Red Latinoamericana de Ecofisiólogos Vegetales (REDLEV)

Research Projects

Phoresis relationships of flower mites (Acari: Melicharidae) and hummingbirds (Aves: Trochilidae) in a cloud forest

This project examines the symbiotic relationships between plants, hummingbirds, and mites in a tropical cloud forest. By capturing hummingbirds, collecting pollen and mites from hummingbird plumage, and using action cameras to record flower visitation, we are mapping the web of interaction across three trophic levels (pollinators, plants, and nectar-eating mites). Mites use hummingbirds to colonize flowers and disperse in a relationship called phoresis. The project seeks to unravel the trophic complexity of this assemblage in one of the most diverse environments in the Neotropics, such as the tropical cloud forest. This project is carried out in collaboration with the Center for Research in Microscopic Structures (CIEMIC) of the University of Costa Rica.

Palm Allometry and Carbon Sequestration

I have been working on palm ecology for a long time. I explored the population growth and illegal extraction dynamics of Euterpe precatoria, the allometric relationships of over 7 species of tropical palms, and more recently the generate allometric equations based on key morphological characters to understand how the capacity for carbon sequestration varies among palm species from different strata. I have applied these equations to estimate the amount of carbon that palms contribute to tropical forests with the aim of improving our estimations of carbon sequestration in tropical habitats. More recently, I am exploring the functional ecology of critical traits such as specific leaf weight to estimate the carbon sequestration of an entire individual palm.

Ecological Morphology of Hummingbirds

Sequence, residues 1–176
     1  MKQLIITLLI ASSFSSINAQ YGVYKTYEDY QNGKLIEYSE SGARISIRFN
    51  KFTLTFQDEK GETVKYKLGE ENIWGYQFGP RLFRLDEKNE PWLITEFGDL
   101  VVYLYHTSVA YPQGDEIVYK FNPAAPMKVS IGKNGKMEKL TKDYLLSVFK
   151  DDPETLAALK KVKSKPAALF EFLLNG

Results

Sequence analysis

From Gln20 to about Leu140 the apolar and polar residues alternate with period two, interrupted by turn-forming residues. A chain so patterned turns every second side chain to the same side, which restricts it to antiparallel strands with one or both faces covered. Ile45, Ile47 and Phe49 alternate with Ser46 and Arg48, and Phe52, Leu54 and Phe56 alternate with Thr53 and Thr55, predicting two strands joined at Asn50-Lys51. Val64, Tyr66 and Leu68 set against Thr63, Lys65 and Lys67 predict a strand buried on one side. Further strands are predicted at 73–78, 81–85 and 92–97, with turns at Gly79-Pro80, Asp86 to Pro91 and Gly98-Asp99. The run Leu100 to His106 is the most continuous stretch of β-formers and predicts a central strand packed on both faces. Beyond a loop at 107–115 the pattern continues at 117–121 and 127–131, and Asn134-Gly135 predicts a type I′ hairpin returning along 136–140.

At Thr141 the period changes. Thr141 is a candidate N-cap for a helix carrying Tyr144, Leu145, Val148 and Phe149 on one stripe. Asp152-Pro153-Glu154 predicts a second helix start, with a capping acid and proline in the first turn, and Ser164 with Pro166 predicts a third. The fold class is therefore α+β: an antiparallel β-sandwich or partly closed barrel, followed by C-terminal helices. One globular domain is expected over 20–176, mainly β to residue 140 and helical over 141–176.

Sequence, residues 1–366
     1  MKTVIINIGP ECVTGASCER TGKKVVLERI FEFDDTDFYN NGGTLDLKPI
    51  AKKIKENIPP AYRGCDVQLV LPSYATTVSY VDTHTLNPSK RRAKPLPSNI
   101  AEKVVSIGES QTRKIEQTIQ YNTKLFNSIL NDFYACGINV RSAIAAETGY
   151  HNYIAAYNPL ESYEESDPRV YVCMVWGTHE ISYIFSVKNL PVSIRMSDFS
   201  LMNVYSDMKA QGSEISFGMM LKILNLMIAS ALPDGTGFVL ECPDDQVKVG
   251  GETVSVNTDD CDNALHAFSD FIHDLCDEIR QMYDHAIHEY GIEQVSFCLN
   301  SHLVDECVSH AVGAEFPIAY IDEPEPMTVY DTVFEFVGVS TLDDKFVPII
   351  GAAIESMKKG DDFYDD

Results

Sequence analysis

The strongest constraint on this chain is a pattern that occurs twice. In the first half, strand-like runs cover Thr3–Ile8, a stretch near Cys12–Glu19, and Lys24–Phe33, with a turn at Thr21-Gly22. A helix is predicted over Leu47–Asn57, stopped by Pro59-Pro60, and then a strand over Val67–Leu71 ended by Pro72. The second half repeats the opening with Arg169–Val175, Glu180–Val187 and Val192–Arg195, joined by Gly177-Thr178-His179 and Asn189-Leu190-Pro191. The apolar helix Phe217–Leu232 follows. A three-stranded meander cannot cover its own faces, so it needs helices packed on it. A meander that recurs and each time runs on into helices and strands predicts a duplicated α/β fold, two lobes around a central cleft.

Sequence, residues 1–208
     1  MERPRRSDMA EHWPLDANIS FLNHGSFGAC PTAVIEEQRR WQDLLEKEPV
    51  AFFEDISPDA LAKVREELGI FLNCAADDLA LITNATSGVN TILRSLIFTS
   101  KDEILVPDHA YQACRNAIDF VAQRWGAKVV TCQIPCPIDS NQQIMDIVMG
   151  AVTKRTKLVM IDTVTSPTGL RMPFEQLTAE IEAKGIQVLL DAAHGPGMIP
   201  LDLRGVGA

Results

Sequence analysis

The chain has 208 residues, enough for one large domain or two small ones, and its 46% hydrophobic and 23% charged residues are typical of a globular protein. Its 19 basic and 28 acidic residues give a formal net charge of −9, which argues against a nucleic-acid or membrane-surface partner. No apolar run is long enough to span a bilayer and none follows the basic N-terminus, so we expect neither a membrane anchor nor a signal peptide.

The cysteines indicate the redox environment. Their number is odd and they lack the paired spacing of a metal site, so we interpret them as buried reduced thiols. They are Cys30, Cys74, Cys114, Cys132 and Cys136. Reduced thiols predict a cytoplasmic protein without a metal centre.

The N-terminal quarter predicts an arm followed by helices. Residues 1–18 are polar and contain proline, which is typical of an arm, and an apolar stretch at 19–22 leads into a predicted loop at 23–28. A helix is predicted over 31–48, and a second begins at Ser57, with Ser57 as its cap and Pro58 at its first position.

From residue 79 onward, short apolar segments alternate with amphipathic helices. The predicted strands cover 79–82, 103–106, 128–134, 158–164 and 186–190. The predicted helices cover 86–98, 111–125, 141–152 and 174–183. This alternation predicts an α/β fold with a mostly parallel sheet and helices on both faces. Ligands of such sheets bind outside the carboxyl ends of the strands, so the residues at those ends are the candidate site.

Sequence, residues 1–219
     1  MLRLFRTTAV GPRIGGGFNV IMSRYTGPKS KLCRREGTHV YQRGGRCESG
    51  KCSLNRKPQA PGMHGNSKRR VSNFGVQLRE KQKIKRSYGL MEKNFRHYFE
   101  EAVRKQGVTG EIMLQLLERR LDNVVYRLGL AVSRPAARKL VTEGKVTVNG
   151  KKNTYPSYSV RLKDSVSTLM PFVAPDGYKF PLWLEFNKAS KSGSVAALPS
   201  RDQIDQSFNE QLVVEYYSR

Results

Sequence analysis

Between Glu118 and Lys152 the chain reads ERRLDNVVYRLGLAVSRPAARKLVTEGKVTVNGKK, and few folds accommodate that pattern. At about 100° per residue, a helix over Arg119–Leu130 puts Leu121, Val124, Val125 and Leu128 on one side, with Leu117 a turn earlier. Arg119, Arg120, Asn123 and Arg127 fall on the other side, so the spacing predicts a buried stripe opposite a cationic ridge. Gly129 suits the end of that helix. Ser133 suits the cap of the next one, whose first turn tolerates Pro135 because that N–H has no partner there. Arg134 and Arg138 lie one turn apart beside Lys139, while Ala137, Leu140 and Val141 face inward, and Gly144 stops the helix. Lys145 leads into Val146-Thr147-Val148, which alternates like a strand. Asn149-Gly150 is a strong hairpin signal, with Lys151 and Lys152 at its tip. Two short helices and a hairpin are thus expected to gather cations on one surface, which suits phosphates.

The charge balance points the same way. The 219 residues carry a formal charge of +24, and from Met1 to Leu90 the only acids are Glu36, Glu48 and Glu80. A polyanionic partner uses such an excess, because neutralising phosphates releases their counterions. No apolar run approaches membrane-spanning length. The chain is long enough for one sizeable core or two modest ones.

I fell in love with hummingbirds since my undergraduate years. I have explored the dynamics of pollination in the highlands and mid-elevations of Costa Rica looking at how the morphology of hummingbirds affect their plan use and how this usage differs among species and sex within a species. More recently, I have examined the evolution of sexual-size dimorphism in hummingbirds. Our current project is looking at tri-trophic level interactions in a pollination network in cloud forests.

Trees of Peace of Hiroshima

This is a project that I am developing in collaboration with the Hiroshima Green Legacy Foundation, the Hiroshima Botanical Garden, the Lankester Botanical Gardens in Costa Rica, the University of Costa Rica, and SFS, to establish the descendant of trees that survived the atomic bombing of Hiroshima in public places in Costa Rica to serve as symbols of peace. Under the current conditions of global warming, war, corruption, greed, and inequality, it is urgent to create a message of resilience to show that humanity, like the trees that survived Hiroshima, can rise again, and create a culture of social justice and peace. Right now, I have several seedlings of the ancient tree Ginkgo biloba and I have used them to give talks on the need to build a culture of peace. Read here

Research Gate

Visit Dr. Avalos’ Research Gate profile to view select publications.